The Downside: Only real downside other than cost is the cold.


Scene: 9/10                  Cost: 10/10                  Getting Around: 4/10                  Girls: 7/10

Stepping out into the dull glow of early morning in Belgrade, I couldn’t quite get my bearings, my ears still ringing from a seemingly endless stream of new-wave electronica and deafening euro beats. There is something strange about pulling off a weeklong bender in a city that only twenty years ago was being bombed into oblivion but is now emerging as the next European party powerhouse. Belgrade’s underground life is a no-holds-barred homage to the 80s and early 90s, and you’re never sure if it’s intentional or if the whole city is just caught in a time warp. But it doesn’t matter one way or the other; anyone born before the fall of the Berlin Wall will feel right at home in the unpretentious underground of Belgrade.  

Places to Hit: Andergraund, Akademija, Cvijeta

The Women: Dark-skinned, light-eyed beauties

Key Features: Blast from the past; total nostalgia. Ridiculously cheap.

Cost: €3-5 a drink at the club, €1-2.50 for a beer. €2-4 a drink at the bar, €1-2.50 for a beer

The Downside: The scene is pretty spread out, and without a subway system, Belgrade is a little tricky to navigate. Luckily public transit and cabs are also dirt cheap.

Rio de Janeiro

Scene: 7/10                  Cost: 7/10                  Getting Around: 7/10                  Girls: 10/10

“O que você pensa que está fazendo,” was the first bit of Portugese I learned after spending my first night in Rio facedown on a beach in Copacabana. It roughly translates to “What do you think you’re doing,” and it’s something I started hearing a lot after I discovered Lapa’s street parties. These nightlong ragers turn entire districts of Rio into one concrete dancefloor of unrivaled beauty and debauchery, people flooding out of clubs and bars after they close and into the wild stream. Sunrise brings with it a sense of finality and some much-needed rest, but the parties continue to rage long into the day along Rio’s coastal stops and back into the city center and the super clubs come nightfall.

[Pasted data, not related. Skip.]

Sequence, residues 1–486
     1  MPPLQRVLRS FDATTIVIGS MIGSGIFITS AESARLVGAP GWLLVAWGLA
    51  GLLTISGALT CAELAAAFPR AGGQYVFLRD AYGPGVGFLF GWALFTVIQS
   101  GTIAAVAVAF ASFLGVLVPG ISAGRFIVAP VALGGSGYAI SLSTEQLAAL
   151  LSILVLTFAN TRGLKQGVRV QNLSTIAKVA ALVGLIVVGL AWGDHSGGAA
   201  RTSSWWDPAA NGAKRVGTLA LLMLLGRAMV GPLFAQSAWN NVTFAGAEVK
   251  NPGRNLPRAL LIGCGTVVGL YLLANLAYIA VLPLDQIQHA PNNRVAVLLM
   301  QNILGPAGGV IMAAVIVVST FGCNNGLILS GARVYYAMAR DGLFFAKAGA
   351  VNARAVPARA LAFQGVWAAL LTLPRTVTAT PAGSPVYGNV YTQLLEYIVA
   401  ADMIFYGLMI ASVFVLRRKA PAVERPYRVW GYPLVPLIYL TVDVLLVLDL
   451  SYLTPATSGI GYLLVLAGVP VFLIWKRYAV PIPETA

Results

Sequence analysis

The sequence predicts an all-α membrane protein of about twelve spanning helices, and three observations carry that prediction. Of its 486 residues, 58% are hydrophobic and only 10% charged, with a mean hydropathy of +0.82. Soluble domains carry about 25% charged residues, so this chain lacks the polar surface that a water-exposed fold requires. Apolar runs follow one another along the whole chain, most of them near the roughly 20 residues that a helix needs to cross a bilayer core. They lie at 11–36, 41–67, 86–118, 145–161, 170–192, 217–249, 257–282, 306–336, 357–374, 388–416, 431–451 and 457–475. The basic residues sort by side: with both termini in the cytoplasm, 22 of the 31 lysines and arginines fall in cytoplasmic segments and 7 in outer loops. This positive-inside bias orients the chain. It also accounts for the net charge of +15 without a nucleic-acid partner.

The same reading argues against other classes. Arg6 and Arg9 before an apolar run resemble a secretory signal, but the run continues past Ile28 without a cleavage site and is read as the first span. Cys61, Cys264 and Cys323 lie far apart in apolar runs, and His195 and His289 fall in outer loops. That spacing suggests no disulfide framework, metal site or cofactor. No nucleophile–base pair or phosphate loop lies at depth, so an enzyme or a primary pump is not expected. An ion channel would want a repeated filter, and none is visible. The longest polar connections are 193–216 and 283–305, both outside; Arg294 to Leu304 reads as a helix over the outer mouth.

Places to Hit: Bunker 94, 00, Casa da Matriz

The Women: Drop-dead gorgeous and sparcely clothed.

Key Features: Street parties, beach life, Carnival, clubs where you can bank drinks against your cover charge (pay $20 to get in, first $20 in drinks are free).

Cost: $8-12 for a drink in a club, $6-8 for a beer. $7-10 for a drink in a bar, $4-6 for a beer.

The Downside:  Losing your drink card at the club (US$125 upon exiting).


Scene: 8/10                 Cost: 6/10                  Getting Around: 8/10                  Girls: 9/10

Montreal is the layered universe of party cities: an endless scene that bleeds the permanently relaxed lounges of the Plateau area into the heart of the city’s downtown clubs and back out to the ancient waterfront bars of the Old Port. The whole thing is a three-ring circus with after-hours clubs stacked upon bars beside greasy breakfast dives and across the street from strip clubs. You couldn’t throw a stone in Montreal without hitting a good time, but no one throws stones here, there’s no need. The city runs on good vibrations and good-natured locals, so long as hockey isn’t part of the conversation.

Places to Hit: Le Sainte-Élisabeth Pub, Rouge, Korova, Dieu du Ciel

The Women: Well-dressed French Canadian goddesses

Key Features: Endless string of festivals, innumerable strip clubs (fully nude), poutine (fries drenched in gravy and cheese).

Cost: $7-10 for a drink in the club, $5-6 for a beer. $6-10 for a drink at the bars, $4-6 for a beer.

The Downside: It snows. A lot. But even in winter Montreal ponies up with festivals like Igloofest and Nuit Blanche.